In my opinion....
The RAS has some disadvantages that may warrant your consideration.
The over arm that carries the saw/motor has a locking arrangement to set it
at common angles such as 90, 60, and 45 degrees. There must be some amount
of clearance in order for this mechanism to release so you can change to a
new angle setting. Considering the length of the arm only a thousands or so
clearance at the lock can equate to a 1/4 inch or more at the end farthest
from the locking arrangement. This means cuts that are not true. It also
means that for each setup change you must use a square to set this
accurately before locking it down and make a few test cuts to be satisfied
it is ready for your project, this equates to lost time.
Ripping is no problem as long as it does not exceed the capacity of the
blade to post area.
When the RAS was introduced many people lived and died by it, but that has
pretty much faded, some still swear by it however but they are few.
I have two RAS's (not that I set out to have them, they just came my way).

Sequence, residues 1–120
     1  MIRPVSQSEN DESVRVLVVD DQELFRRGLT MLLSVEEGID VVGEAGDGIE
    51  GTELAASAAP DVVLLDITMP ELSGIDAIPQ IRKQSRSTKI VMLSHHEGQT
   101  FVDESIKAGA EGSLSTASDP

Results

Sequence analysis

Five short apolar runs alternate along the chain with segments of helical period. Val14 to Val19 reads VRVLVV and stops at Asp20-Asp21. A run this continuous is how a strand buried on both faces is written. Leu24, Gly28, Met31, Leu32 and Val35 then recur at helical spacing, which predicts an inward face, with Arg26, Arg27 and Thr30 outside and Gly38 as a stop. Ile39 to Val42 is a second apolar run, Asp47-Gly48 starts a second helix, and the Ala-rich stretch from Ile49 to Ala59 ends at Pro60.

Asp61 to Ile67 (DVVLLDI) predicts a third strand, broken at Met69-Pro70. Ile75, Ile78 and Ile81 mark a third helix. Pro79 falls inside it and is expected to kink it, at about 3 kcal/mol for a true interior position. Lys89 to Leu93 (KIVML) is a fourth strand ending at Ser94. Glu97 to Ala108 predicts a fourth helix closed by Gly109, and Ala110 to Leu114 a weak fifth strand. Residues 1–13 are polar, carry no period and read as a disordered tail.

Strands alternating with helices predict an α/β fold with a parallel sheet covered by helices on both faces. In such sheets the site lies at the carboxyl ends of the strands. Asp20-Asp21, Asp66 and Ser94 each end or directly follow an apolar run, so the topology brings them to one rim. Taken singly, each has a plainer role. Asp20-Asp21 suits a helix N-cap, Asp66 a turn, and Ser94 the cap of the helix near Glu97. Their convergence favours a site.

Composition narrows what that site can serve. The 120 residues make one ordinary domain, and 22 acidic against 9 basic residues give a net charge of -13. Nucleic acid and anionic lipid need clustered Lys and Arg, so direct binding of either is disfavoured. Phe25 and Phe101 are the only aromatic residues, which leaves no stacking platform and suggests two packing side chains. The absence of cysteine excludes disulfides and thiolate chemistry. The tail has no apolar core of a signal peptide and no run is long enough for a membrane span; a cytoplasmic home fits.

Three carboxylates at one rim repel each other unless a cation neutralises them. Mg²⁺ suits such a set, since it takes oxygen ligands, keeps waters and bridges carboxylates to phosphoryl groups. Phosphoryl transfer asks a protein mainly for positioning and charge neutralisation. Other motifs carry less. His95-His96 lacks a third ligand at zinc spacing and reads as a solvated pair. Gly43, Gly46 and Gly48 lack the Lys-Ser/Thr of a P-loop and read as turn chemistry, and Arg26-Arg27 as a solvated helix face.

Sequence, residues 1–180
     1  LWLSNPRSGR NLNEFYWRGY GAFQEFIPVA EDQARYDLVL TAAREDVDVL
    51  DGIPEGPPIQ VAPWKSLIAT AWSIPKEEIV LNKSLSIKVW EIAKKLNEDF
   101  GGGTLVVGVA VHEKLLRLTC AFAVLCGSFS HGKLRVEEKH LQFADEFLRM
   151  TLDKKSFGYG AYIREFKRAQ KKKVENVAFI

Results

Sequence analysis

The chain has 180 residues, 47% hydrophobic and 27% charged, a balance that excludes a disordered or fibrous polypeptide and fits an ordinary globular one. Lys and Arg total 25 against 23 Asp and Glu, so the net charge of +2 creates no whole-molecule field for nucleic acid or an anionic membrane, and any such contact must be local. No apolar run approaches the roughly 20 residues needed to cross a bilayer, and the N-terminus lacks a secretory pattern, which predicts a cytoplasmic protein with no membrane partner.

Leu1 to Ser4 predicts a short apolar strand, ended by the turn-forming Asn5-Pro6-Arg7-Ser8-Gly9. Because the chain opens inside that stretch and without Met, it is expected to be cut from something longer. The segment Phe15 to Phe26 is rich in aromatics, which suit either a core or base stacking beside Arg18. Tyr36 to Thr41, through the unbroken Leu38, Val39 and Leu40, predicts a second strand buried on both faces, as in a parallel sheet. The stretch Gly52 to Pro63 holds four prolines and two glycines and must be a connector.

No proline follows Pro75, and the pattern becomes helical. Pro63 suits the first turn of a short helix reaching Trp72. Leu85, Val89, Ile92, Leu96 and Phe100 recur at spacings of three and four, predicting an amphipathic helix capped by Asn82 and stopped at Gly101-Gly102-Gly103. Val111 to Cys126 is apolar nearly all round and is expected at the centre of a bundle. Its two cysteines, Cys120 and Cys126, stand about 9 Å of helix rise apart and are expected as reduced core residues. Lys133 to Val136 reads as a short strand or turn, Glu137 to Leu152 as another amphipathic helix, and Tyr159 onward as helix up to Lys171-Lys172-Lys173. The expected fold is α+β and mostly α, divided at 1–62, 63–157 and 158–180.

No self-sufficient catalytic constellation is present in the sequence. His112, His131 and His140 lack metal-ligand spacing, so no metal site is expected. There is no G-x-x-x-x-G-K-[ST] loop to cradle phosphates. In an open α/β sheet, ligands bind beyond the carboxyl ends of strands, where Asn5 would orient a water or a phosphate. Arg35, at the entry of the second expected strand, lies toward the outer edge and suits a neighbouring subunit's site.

One I use for rough in type work in deck building etc where precision is not
mandatory. The other one I use for cutting scrap wood for the wood burner
that heats my shop. On rare occasions if I have a large production job
where all 3 table saws and the panel saw are setup for repeat cutting, I'll
set up a RAS for one of the less critical cuts.
So.... if you really want one and can buy it at a modest cost they MAY
justify the space in the shop they consume. I would think twice before
purchasing one new, there are plenty on the used market. I have given one
of mine away 3 times but it keeps coming back!